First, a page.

SACRAMENTO, Calif. -- Claude Snelling was the first, gunned down outside his Visalia home in 1975 as a man then known as the "Visalia Ransacker" was trying to abduct his daughter.
Brian and Katie Maggiore were next, a young couple walking their dog at night in Rancho Cordova in February 1978 when a man in a ski mask chased them down and shot them both to death.
Over the next eight years, 10 more people would be killed -- some of them raped -- and dozens of others would be sexually assaulted in a rampage that had remained a mystery for 40 years until the April 2018 arrest of Joseph James DeAngelo.
On Monday, the 74-year-old former police officer is expected to plead guilty to being the man known variously as the East Area Rapist, Golden State Killer, Visalia Ransacker and a number of other nicknames.
DeAngelo is scheduled to appear Monday morning in a makeshift courtroom set up in a ballroom inside the University Union on the campus of Sacramento State University.
His public defenders and prosecutors expect him to plead guilty to 13 murder counts, 13 counts of kidnap for robbery stemming from sexual assaults, and to admit to 62 other crimes that have been attributed to him. He faces sentencing in August in a deal that will see him get a life sentence without possibility of parole.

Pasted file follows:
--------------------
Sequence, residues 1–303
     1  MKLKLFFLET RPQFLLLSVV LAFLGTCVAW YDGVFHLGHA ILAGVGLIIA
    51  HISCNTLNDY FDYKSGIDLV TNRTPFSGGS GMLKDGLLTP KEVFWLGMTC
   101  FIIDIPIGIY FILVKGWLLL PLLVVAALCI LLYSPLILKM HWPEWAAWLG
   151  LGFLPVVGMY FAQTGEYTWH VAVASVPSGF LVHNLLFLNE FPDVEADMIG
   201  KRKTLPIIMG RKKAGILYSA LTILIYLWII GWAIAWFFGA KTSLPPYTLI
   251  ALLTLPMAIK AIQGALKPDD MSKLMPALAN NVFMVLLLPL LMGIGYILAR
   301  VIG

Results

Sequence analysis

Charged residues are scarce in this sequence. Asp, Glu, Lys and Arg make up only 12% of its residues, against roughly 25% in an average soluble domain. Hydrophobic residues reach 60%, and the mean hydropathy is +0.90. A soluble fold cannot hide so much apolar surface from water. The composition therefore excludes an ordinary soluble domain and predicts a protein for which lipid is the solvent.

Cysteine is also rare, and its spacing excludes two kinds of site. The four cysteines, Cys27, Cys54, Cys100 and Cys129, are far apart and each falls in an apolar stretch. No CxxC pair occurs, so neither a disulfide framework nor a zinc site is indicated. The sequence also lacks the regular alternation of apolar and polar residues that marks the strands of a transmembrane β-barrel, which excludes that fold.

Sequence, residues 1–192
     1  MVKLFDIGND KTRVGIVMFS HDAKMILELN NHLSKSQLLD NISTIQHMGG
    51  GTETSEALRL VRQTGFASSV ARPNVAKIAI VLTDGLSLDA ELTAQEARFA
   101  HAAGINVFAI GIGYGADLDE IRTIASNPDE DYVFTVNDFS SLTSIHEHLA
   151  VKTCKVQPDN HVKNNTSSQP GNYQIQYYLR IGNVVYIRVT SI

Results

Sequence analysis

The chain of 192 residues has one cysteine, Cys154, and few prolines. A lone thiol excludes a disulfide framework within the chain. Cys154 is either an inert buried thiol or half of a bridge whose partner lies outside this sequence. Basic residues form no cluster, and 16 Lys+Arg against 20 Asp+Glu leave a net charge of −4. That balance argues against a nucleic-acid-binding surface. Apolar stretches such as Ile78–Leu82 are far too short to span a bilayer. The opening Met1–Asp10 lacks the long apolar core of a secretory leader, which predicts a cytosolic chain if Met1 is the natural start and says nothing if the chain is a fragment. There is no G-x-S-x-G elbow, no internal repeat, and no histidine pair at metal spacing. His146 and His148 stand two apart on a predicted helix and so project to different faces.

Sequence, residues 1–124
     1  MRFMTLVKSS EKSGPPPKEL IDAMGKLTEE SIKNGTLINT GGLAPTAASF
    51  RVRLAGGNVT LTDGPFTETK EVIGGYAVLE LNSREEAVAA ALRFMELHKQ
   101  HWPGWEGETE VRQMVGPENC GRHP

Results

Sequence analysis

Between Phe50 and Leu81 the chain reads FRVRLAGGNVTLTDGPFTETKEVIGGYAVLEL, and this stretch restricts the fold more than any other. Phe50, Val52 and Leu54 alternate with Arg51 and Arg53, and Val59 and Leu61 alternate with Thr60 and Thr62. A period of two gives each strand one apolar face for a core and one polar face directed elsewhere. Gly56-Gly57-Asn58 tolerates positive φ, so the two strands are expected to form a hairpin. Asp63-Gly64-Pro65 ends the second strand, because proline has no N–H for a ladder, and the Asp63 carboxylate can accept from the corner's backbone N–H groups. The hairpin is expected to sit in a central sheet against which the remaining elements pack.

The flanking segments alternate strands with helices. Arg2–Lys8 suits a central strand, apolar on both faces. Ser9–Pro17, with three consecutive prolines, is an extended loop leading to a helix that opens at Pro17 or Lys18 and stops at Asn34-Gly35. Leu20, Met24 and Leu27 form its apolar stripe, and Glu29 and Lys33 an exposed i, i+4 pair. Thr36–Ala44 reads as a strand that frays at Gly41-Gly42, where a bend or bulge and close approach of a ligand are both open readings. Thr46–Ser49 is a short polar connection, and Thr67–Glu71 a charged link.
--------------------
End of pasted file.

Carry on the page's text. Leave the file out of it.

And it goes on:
Prosecutors from the counties where the crimes occurred will take turns reading the details of the charged counts, and DeAngelo is expected to say "guilty" to each one. The 62 uncharged crimes -- sexual assaults and other incidents during the crime spree -- will be described using the date and name "Jane Doe" rather than the victim's name, and DeAngelo is expected to concede that he is guilty of each.
The guilty plea is part of a bargain worked out to let him avoid the death penalty and save the state the cost of taking him to trial in what would have been one of the largest prosecutions in California history.
The location of Monday's hearing is a testament to the international attention the case has garnered. With more than 150 people expected to attend -- victims, family members of victims, media and prosecutors from counties the length of California -- officials were forced to find a venue large enough to hold attendees and provide for physical distancing during the coronavirus pandemic.
The ballroom, which can accommodate up to 2,000 people for some events, was set up Friday on campus by workers who erected a stage at one end of the room that appears as it will serve as a judge's bench and accommodate seating for DeAngelo, who is currently housed at the Sacramento County Jail.